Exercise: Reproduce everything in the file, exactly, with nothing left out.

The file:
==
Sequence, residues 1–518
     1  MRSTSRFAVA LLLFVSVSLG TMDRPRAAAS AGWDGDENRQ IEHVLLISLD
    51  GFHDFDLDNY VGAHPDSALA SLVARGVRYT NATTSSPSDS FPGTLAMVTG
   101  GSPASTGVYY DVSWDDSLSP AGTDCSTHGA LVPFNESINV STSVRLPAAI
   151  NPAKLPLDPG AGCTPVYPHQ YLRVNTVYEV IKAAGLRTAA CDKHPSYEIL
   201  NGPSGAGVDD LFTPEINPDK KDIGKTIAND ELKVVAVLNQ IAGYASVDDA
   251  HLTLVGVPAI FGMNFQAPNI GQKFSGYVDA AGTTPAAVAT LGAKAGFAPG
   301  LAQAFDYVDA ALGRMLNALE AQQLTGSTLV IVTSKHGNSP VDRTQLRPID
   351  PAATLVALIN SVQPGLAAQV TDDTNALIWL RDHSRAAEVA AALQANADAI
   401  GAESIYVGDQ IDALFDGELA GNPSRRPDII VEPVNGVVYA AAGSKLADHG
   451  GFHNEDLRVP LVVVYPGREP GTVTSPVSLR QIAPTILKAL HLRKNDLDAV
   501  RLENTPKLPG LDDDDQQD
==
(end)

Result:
Sequence, residues 1–518
     1  MRSTSRFAVA LLLFVSVSLG TMDRPRAAAS AGWDGDENRQ IEHVLLISLD
    51  GFHDFDLDNY VGAHPDSALA SLVARGVRYT NATTSSPSDS FPGTLAMVTG
   101  GSPASTGVYY DVSWDDSLSP AGTDCSTHGA LVPFNESINV STSVRLPAAI
   151  NPAKLPLDPG AGCTPVYPHQ YLRVNTVYEV IKAAGLRTAA CDKHPSYEIL
   201  NGPSGAGVDD LFTPEINPDK KDIGKTIAND ELKVVAVLNQ IAGYASVDDA
   251  HLTLVGVPAI FGMNFQAPNI GQKFSGYVDA AGTTPAAVAT LGAKAGFAPG
   301  LAQAFDYVDA ALGRMLNALE AQQLTGSTLV IVTSKHGNSP VDRTQLRPID
   351  PAATLVALIN SVQPGLAAQV TDDTNALIWL RDHSRAAEVA AALQANADAI
   401  GAESIYVGDQ IDALFDGELA GNPSRRPDII VEPVNGVVYA AAGSKLADHG
   451  GFHNEDLRVP LVVVYPGREP GTVTSPVSLR QIAPTILKAL HLRKNDLDAV
   501  RLENTPKLPG LDDDDQQD